"So, I haven't put a lot of thought into it. It's a huge opportunity that we have, obviously, and I feel like we will be able to get a look or two at it as this year goes on and the next few years go on. It would be awfully cool to get it done. But it's been out of my mind for a couple of months."

Not, however, far from his competitors thoughts. Many preseason polls have Johnson the favorite again.

"I think that they realize that (the No. 48 team) are the ones to beat. … but I think they also understand that this situation this year is, probably, if you look at it on paper, you would have to think (the new Chase format) puts everybody else in a better scenario to beat the 48 team in the end," said recently inducted NASCAR Hall of Famer Dale Jarrett, an analyst for ESPN's NASCAR broadcasts.

"That even though he's won more races in the Chase than anybody else by a large margin, you would say, okay, all he's got to do is win here, win here, move on to the last one and he's got it, but it's not going to be that simple.

"But I think that what I'm intrigued by is to see how they go about it because every time there's been a change, whether it's been in the car or whether it's been in the points. … the changes that have been made, they've adapted better than anyone else.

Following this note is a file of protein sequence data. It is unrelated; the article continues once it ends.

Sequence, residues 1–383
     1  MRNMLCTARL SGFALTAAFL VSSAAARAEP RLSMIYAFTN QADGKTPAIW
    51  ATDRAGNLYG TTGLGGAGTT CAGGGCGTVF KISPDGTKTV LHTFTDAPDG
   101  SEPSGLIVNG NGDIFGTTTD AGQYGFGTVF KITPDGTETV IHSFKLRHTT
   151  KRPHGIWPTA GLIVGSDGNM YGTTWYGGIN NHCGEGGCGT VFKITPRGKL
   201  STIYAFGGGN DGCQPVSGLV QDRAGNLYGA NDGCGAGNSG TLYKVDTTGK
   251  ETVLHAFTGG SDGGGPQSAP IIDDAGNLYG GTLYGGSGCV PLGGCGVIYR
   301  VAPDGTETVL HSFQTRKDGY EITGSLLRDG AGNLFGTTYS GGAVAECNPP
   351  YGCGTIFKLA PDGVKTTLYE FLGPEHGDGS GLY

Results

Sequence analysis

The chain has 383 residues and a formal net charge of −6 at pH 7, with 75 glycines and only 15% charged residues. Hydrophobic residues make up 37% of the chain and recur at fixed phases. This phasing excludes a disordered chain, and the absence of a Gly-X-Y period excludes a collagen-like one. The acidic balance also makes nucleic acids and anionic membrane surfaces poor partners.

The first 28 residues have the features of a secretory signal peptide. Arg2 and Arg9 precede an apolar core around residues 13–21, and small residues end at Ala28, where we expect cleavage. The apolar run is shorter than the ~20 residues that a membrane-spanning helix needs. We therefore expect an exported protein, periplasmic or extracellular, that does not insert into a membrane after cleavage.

"Even when they didn't win the championship, they put themselves there, and there were just circumstances they created. How are they going to go about this?  People are going to pay attention to what they're doing for sure, all of us are, but the teams in there are going to, also.

"You still have to make them the favorite, but I think it certainly brings a lot more people in the mix."

First, those teams will have to beat Johnson at Daytona, where -- spotlight or not -- he ultimately can't be ignored.

He swept both the Daytona 500 and Coke Zero 400 last year following his second Daytona 500 win. His first win in the 500 came in 2006 -- the year that kicked off five consecutive championship runs.

And he already has one leg-up on the field, beating all drivers -- and most of the field -- in a half-marathon Sunday morning, finishing the 13.1-mile course that incorporates a portion of the speedway in an impressive 1 hour, 28 minutes.

While Johnson may be flying under the radar so far this week, his competitors have their eyes on him.

"The respect factor from my peers is really important to me and it always has been," Johnson said. "I attribute a lot of that to the way I grew up racing and had some success, but not a lot of success. I enjoyed the race track because of my passion of competing and the relationships and friendships I had and whatever pits or garage area that existed in the vehicles I was racing.

"That whole environment has always been very important to me and relationships and respect have been really the foundation of all of that.

"And," Johnson continued, "I have to say, though, it was probably the second or third championship before I felt maybe the certain level of acceptance or respect.  … and it means the world to me.  It means more than the trophies ever will.  Those relationships really are everything for me."